In looking for cool twitter uses and users, I came across this twitter feed from a school in Maine. It is quite fantastic and is a great model for any classroom.

Wednesday, June 22, 2016

Optimizing Chances for Success

Differing views exist in the ed-tech/ ed. leadership world on how to foster "buy-in" in teachers. Some suggest a better approach is a bottom-up approach, letting change percolate from within.  Others suggest a top-down style.

I confess to not knowing a best way. Surely my school has adopted the percolate model. If I take a loooonnnngggg range view, I can affirm that there clearly has been growth. However, there is no upward curve. One would suppose that a "tipping point" would occur and then everyone would adopt tech. If anything, the opposite has happened. There are small flurries of success but the larger community doesn't change. 

Surely the LA iPad fiasco points to the perils of a top=down model gone awry. But the drip, drip, drip approach of teacher-led revolution seems unlikely as well.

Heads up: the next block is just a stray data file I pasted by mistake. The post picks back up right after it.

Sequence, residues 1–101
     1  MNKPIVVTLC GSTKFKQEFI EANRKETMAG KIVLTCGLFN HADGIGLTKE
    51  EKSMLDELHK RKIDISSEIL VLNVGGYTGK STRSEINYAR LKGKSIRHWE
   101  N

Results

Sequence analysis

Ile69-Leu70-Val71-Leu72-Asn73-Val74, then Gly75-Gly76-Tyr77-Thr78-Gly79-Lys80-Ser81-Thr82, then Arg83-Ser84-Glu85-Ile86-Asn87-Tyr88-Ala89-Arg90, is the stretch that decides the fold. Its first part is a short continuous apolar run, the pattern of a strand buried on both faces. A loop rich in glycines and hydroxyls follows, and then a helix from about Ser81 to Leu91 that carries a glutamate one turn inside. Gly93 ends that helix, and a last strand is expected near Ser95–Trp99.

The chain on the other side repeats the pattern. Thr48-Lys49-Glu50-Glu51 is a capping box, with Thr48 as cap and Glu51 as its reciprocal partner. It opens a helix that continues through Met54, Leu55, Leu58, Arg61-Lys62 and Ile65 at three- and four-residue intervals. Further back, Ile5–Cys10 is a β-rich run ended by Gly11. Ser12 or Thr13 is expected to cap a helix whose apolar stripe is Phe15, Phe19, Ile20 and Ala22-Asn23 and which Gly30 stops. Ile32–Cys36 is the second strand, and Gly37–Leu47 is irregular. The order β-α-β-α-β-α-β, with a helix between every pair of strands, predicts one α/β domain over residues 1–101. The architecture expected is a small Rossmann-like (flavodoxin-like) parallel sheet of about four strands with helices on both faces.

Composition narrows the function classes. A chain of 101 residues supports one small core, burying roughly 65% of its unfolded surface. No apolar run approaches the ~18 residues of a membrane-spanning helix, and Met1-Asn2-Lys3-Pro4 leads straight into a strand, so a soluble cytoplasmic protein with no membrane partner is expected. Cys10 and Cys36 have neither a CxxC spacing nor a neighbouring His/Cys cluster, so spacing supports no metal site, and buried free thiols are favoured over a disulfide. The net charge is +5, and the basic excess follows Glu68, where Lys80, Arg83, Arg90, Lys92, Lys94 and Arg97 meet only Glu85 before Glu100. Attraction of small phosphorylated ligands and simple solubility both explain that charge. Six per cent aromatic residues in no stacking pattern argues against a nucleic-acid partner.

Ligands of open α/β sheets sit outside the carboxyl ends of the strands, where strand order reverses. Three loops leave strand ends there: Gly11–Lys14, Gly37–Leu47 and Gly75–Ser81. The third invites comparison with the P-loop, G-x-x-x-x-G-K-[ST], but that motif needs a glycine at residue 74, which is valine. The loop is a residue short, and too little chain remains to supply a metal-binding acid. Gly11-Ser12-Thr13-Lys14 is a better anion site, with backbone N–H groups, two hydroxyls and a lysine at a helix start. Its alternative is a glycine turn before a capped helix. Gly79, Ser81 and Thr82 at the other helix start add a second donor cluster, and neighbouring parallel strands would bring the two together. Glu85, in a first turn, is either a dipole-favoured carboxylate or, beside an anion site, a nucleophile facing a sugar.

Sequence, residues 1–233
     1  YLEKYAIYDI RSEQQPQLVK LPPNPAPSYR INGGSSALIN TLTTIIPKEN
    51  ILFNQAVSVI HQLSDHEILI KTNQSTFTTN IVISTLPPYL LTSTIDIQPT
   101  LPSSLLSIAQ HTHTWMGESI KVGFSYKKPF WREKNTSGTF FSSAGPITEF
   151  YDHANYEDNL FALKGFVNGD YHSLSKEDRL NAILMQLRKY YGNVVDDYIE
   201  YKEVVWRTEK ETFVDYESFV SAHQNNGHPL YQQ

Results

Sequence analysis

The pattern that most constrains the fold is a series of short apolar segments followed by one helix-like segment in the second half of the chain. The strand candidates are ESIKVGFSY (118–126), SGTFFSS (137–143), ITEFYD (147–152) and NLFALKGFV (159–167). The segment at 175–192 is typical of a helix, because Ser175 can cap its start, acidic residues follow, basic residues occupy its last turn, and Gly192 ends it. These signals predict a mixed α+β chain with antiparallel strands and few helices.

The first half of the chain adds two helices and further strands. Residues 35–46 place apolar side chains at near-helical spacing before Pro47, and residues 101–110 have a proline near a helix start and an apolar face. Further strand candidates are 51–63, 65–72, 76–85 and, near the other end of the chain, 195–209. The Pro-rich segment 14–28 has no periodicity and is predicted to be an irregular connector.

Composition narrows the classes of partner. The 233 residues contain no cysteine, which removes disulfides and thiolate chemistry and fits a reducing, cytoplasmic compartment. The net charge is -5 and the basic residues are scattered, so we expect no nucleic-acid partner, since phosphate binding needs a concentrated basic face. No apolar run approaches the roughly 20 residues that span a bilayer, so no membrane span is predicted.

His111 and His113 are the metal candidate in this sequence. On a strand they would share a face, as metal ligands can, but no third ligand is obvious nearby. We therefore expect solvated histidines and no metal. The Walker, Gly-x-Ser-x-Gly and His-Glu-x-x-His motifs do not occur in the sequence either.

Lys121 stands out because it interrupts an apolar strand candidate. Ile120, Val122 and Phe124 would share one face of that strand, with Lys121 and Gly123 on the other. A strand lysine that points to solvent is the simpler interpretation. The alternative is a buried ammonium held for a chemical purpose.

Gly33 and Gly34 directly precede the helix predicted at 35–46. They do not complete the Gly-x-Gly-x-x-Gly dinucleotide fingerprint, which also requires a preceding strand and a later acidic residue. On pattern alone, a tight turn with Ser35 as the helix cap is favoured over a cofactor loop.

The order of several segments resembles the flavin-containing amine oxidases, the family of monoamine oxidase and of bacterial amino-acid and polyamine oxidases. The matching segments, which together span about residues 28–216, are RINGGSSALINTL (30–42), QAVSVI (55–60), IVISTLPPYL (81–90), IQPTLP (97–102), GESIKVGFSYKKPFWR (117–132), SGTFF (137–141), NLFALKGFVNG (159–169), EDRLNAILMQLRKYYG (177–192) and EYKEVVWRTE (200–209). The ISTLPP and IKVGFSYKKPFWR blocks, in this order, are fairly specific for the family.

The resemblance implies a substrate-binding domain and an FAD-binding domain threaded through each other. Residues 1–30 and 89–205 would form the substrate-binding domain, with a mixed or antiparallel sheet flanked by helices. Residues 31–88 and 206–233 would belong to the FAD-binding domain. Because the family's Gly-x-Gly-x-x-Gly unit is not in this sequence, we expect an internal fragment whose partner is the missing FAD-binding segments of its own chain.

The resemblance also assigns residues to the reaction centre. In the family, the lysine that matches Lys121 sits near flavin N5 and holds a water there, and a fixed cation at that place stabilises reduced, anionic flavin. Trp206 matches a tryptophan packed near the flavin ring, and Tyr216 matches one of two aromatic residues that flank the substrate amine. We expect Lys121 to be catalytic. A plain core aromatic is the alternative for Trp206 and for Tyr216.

Next year, my school's leadership will push technology in a more aggressive way. I've been told that each teacher will be required to meet with me at least monthly. I think I like this.  Though I can point to real successes in my first year as Ed Tech Coordinator, I felt underutilized. I'm interested to see what next year's changes bring.  Will they change the curve?

Saturday, June 11, 2016

Jerome Bruner

Jerome Bruner died on Thursday. My edu-geek is showing when I say I was saddened to hear this news. He was truly a giant in our field. NYT article on his passing.

I started teaching before I knew anything about teaching. I came to teaching from a liberal arts college where I received a rich education. I promptly tried to give that same education to middle schoolers. I forgive myself for that stupidity. It was 25 years ago. Despite my absurd practices, I decided I loved teaching and decided not to go to law school. Instead, in my third year teaching, I started my Master's degree.